Gallant Lady: A Biography of USS Archerfish – Book Review
Right on schedule, Shinano eased out of the yard on November 28 and passed the sea buoy at the entrance to Tokyo Bay at about six in the evening. Because parts had not arrived on time, only eight of her twelve boilers were operating. That meant she could not run at full speed, but everyone agreed the 24 knots she could make if pressed would be more than enough to outrun any American submarines. The ship’s 1100 compartments had still not been fully tested to Abe’s liking but his bosses were satisfied with her seaworthiness. About 300 shipyard workers were still aboard as they pulled away, finishing up as much as they could as Shinano steamed toward the Inland Sea. In all, the carrier had over 2500 officers, sailors, and workers riding her out of the bay that evening.
Anyone watching her departure that day would have noticed, in addition to her stunning size, two other striking things about Shinano’s appearance. One was her unusual rounded bow, a special design to allow her to better cut through the water while cruising. Some said it made the carrier look as if she wore a clown nose. Others said, quietly, that it made the ship downright ugly.
The other oddity was the way her tall smokestacks were canted 27 degrees from the vertical to her starboard side instead of standing straight up or leaning to the stern as they do on most ships. This was a concession made when the decision came to build her as an aircraft carrier with its elevated flight deck instead of as a battleship. The pronounced tilt was necessary to vent the stack gases away from the ship’s superstructure but the effect was to make Shinano look as if she were continually listing drunkenly to port.
As Abe and his escorts passed the offshore island of Inamba Jima and moved into open waters, he felt a strong renewal of confidence. They would make the Inland Sea by tomorrow morning. They would then steam on with the fleet to the Philippines. And there, with the help of the new super-carrier, they would win the great naval battle that would once again redirect the course of this war to the favor of the Emperor and the ancestors.
Back on Midway, Lieutenant Joseph Enright had had a change of heart. While doing his duty as executive officer of the Midway sub base, he had gotten word that his mother had died suddenly from a brain aneurysm. Again, he recalled how proud she and his father had been when he graduated from the Academy, when he got his "dolphins," when he received his command on the Dace.
Shortly after his mother’s death, he wrote a letter to Admiral Lockwood requesting another chance as a submarine skipper. He was still awaiting a response when he found himself involved in a red-hot poker game one night at the Brass Hat Club in "Gooneyville." He knew immediately he was in over his head. These guys were serious and the money in the middle of the table looked like a small fortune to him. Then, late in the game, with lots of luck and a daring bluff, he won a sizeable pot from one of the other players, a submarine squadron commander named Leo L. Pace. Joe had held his ground, staring at two pairs in his own hand while Captain Pace showed a couple of jacks on the table. And, as he swallowed hard but tried to look calm and cool, Joe drew the perfect card, giving himself a full house, and claimed the pot.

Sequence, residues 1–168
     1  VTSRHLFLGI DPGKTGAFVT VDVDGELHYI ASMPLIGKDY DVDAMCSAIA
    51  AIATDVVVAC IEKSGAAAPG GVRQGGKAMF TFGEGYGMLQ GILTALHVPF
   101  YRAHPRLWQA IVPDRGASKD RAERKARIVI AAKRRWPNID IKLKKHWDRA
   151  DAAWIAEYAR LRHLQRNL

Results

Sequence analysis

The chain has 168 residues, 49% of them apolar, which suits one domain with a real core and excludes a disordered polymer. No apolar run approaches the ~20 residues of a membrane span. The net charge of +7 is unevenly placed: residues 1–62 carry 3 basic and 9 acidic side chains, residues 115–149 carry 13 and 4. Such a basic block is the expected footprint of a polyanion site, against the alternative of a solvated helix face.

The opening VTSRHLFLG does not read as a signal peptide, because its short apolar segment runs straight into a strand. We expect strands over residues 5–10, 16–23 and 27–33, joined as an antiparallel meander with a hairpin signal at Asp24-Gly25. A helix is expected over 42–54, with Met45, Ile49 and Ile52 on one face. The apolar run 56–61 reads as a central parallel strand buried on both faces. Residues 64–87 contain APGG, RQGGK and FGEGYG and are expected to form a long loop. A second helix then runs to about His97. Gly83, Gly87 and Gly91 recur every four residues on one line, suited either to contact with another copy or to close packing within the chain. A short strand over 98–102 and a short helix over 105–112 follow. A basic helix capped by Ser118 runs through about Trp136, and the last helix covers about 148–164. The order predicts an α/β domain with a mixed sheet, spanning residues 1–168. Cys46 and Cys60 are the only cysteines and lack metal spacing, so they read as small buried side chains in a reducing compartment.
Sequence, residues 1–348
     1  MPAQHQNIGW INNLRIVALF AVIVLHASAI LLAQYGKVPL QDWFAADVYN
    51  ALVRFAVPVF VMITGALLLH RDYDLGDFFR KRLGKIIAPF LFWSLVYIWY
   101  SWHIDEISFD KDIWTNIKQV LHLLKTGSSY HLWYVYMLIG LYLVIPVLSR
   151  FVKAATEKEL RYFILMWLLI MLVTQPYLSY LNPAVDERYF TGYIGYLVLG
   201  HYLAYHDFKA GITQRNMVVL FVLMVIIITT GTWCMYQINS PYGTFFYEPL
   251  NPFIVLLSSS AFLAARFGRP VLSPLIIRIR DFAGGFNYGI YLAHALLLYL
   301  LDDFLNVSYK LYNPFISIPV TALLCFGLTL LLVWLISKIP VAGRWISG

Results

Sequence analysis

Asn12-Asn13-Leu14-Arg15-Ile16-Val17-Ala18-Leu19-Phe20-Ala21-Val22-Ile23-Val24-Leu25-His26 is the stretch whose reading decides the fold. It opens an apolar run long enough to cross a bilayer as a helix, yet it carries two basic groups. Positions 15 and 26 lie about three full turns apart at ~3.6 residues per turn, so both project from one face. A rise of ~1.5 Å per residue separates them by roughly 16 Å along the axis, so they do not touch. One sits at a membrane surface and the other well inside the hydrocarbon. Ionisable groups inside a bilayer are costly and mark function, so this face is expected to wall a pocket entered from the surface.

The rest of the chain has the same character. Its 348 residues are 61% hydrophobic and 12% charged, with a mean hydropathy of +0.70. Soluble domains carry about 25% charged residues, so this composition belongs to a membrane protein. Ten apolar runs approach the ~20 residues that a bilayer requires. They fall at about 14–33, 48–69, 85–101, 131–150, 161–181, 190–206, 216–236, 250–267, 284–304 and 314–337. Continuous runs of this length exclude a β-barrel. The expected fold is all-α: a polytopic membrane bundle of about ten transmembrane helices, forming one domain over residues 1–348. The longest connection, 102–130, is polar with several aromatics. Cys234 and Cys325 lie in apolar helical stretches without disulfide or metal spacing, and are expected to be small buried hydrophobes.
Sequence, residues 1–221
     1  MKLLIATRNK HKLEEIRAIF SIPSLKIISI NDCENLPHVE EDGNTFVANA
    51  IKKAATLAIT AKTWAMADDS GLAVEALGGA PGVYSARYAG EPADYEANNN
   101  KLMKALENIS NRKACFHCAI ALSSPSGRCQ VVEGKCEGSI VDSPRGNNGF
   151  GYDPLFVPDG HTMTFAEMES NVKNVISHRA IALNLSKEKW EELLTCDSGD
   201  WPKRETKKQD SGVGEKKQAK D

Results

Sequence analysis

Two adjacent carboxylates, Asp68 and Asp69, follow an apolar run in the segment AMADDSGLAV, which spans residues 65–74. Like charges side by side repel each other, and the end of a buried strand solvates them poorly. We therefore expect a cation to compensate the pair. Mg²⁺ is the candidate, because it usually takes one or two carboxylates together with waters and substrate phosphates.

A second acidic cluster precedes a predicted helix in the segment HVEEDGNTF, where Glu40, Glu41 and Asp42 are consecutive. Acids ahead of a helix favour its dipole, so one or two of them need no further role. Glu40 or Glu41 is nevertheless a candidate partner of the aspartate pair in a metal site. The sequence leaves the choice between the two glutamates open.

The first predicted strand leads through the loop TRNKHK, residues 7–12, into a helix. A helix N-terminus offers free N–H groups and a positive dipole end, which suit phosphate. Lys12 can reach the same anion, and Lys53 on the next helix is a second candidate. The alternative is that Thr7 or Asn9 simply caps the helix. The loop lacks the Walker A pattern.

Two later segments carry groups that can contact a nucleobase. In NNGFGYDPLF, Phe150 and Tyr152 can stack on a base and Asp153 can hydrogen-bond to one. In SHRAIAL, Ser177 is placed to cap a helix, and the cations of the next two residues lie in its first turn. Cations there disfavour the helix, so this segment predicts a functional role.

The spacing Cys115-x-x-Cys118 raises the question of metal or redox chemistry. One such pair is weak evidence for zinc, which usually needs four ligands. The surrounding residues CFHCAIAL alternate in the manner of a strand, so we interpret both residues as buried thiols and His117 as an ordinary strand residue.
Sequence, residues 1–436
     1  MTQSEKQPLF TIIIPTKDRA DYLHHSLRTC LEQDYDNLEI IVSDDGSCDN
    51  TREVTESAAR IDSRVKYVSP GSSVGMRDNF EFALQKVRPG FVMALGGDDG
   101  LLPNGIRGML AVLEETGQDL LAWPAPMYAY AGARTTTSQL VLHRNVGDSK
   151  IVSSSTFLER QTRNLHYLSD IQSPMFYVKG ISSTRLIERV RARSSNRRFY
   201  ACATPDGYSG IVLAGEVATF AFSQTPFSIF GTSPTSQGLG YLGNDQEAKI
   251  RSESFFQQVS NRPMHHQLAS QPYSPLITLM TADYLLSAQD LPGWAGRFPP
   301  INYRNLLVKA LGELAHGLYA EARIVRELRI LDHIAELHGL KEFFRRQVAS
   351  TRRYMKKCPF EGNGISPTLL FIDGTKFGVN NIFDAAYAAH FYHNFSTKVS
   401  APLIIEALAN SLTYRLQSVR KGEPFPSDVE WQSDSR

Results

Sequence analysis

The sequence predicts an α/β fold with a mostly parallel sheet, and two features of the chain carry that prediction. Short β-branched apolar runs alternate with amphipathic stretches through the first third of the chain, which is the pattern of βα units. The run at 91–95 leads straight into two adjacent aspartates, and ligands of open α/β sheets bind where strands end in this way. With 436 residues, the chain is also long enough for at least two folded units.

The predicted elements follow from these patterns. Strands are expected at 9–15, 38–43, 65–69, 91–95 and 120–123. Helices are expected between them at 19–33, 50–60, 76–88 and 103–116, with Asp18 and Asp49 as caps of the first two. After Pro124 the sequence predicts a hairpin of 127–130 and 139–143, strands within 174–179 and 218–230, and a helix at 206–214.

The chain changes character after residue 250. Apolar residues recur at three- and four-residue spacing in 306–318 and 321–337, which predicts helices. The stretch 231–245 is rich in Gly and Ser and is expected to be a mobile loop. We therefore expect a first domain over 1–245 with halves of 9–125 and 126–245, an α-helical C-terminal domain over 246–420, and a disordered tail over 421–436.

Pace just sat there, looking at the cards on the table in front of him, watching Enright pull the money his way. The squadron commander finally looked up and grinned.
"Joe, if you had the chance, would you run a submarine the way you play poker?" Pace asked, looking Enright straight in the eye.
"Yes, sir!" Enright answered quickly and emphatically.
Pace rubbed his chin thoughtfully. He knew Enright was a good officer. They had first met at the Naval Academy where Pace was a duty officer while Joe was a student there. Unbeknownst to Enright, his letter to Admiral Lockwood seeking reinstatement had been routed through Pace as well. And now the commander had observed the skill and daring with which the young man played cards.
"Tell you what," Pace said. "You can have Archerfish when she comes in."
The commander was as good as his word. Enright was well pleased with his new boat and crew and it was clear his re-assignment was a popular choice. When Archerfish left Midway, a big crowd of Joe’s friends was on the dock to wish him well. There was the inevitable paperwork to complete, the inspections to carry out, an eight-day training exercise to perform, and all the other work necessary in order to get ready to go back out on patrol, but Archerfish and her eager new skipper finally left on the next war patrol on October 30, 1944.
Once on station south of Tokyo Bay, the boat had two primary assignments: serve lifeguard duty for downed B-29 pilots who were supposed to resume pounding the Tokyo area over the next few days, and report weather conditions to the 73rd Bomber Wing so they could better plan their raids. The boat arrived at her lifeguard station in mid November, a few days after Shinano came out of her shed and conducted her builders’ trials. That was the day "Tokyo Rose" shot her portrait and put the fear into Toshio Abe.